Crammed into artist-run spaces that seem to adhere to planning codes less than the Lanfranchis space that was the former epicentre of this scene (if that can be imagined!), the Imperial Panda festival events were sweaty affairs. However, fueled by buzzing enthusiasm, cheap booze, and loads of goodwill, these were great spaces to be in. If nothing else, it was great to see crowds of people (mostly) younger than myself excited about art! Contrary to Nick's experience, I didn't see a lot of that in my Sydney Festival travels (but then I must confess that my work schedule precluded visits to the Beck's Bar or the Spiegel Tent. In fact, I didn't get to Hyde Park all January...). It made me excited to be a maker of art again. (A tangent on this point, remind me to never put my occupation as 'theatre maker' on entry documents to the UK ever again. It's a real hassle to explain yourself and your art practice at Heathrow when jetlagged and faced with an odd mix of serious disdain and suspicion. My most irritating border crossing in many years. But I digress...) Anyway, it made me feel like continuing to be an artist, a calling that has seemed more and more impossible to maintain. Academia, policy, and administration have all become tempting full time careers, much to my existential horror. But Imperial Panda, and the enthusiastic and disparate community of artists it gathered, proved a very welcome and timely reinvigoration. It wasn't all great art, but it was indeed a fantastic place to be. Viva la shambolic revolution!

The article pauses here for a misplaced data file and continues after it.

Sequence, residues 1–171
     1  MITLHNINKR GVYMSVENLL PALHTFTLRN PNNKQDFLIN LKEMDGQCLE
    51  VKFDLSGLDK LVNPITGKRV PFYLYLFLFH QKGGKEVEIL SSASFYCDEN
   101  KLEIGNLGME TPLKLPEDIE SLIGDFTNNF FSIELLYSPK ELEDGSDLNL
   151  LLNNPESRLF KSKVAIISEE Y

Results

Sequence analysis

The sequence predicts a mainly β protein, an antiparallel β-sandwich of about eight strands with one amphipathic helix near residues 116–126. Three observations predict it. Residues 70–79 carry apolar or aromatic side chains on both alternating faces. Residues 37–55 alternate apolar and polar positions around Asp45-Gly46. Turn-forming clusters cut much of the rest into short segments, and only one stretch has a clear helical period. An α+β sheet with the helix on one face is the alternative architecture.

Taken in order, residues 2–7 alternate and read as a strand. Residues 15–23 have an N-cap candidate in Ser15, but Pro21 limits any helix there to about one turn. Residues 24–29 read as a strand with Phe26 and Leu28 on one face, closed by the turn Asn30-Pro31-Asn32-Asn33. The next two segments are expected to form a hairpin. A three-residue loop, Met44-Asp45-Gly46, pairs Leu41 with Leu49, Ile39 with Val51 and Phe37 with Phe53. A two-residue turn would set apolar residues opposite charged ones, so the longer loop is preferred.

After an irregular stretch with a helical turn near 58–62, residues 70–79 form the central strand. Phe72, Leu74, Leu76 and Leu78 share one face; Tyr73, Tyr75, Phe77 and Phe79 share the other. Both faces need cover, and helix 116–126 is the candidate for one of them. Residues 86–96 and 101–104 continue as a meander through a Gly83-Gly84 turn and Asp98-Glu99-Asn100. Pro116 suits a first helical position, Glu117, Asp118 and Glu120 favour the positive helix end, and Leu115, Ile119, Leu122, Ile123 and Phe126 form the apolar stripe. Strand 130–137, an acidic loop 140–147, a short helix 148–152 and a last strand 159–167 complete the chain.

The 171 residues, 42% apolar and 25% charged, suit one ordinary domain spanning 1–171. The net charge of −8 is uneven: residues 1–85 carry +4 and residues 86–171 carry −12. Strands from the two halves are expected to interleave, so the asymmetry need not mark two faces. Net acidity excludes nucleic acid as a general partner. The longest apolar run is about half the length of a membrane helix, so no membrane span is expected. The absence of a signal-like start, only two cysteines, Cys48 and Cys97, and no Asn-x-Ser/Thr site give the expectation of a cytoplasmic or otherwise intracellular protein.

Seated upon milkcrates topped by cardboard, almost shouting to be heard over the chatter, I eagerly awaited the reprise season of Post's Gifted and Talented, for me one of the performance highlights of 2007 (just to give you sense of what else would be in my very provisional top ten, this includes Jerome Bel's The Show must go on, UTP's The Folding Wife, Stuck Pigs Squealing's The Eisteddfod, the Maly Theatre's Uncle Vanya, Dood Paard's Mediea, and maybe STC's Season at Sarsaparilla and Deborah Pollard's Blue Print). I'd just given a big talking up of the show to Nick as we squeezed with our beers into the confines of the downstairs gallery at Chalkhorse, so of course I was nervous about expectations. (One of my favourite ever shows, Hotel Pro Forma's Operation: Orfeo was transformative at the Sydney Opera House in 1997, then frustratingly imprecise and even sloppy at the Brooklyn Academy of Music in 1999, so I'm aware than expectations can indeed be crippling).